Time Out from Homeschooling Talk

October 22, 2007 @ 12:15 am | Filed under: Uncategorized

Just for a minute. Can we talk about sunscreen? One thing about living in San Diegoβ€”we are spending a lot more time in the sun than ever before. I’ve never been a sun worshipper. At our neighborhood pool in Virginia, I was the mom trying to squeeze myself into the bar of shade cast by the fencepost. In fact, I have friends who laughed hysterically when they heard I was moving to one of the world’s sunniest vacation spots. The climate, they feared, would be wasted on me.

What I didn’t realize about Southern California until living here was that, except for a few hard-baked weeks in the summer, sunny doesn’t necessarily mean hot. It’s balmy and breezy and just so darn pleasant. And so off we whisk to Balboa Park or Mission Trails, and the kindly sun beams down upon us.

Which means, of course, sunscreen is our new best friend. But I have to say I don’t entirely trust this friend. I once heard an oncologist say that if you use any sunscreen stronger than SPF 15, the chemicals are worse for your health than UV rays. I don’t know what kind of stats support that statement, but it’s always there in the back of my mind.

So what do you do? Chinaberry sells a "natural sunscreen" that’s supposed to be safer than most brands (it does not contain oxybenzone, whatever that is), but yeesh, the price tag! (Although when I went to get the URL just now I discovered they’re having an end-of-summer sunscreen sale, so there you go.)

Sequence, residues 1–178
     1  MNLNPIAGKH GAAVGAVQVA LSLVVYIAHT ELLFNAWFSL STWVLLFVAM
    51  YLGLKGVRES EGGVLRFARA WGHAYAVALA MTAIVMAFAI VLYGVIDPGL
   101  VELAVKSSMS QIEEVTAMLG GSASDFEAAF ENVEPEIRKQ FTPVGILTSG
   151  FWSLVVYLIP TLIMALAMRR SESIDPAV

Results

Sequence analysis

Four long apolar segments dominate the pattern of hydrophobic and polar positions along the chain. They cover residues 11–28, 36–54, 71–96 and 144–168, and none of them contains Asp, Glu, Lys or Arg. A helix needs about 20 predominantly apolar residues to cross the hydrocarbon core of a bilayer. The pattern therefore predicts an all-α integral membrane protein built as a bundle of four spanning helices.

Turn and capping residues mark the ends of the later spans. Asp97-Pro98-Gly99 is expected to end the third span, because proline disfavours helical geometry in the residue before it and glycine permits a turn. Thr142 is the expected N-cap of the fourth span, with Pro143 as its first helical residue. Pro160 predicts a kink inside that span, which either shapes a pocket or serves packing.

In the summer the kids go through the stuff so quickly that I usually wind up opting for whatever’s on sale at Target. But ugh, that chemical smell, I can’t stand it. And what’s in that stuff? I seriously don’t trust it. For occasional use, fine, but for something they need to wear every day?

For myself, I seldom bother to do more than put an SPF 15 moisturizer on my face. I always forget about my arms…

I don’t wear makeup, but I’ve been looking at the SPF-containing mineral powders (like Bare Minerals) and wondering if they’re a better idea than the creams. But then I read that Bare Minerals contains bismuth, which sounds as sinister as oxybenzone. So I’m back to square one.

What brands do you use? For you, and for the kids? Do you use something
different for faces and bodies? Every day, or only in summer?


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Comments

22 Responses | | Comments Feed

  1. Speaking as an Australian:-)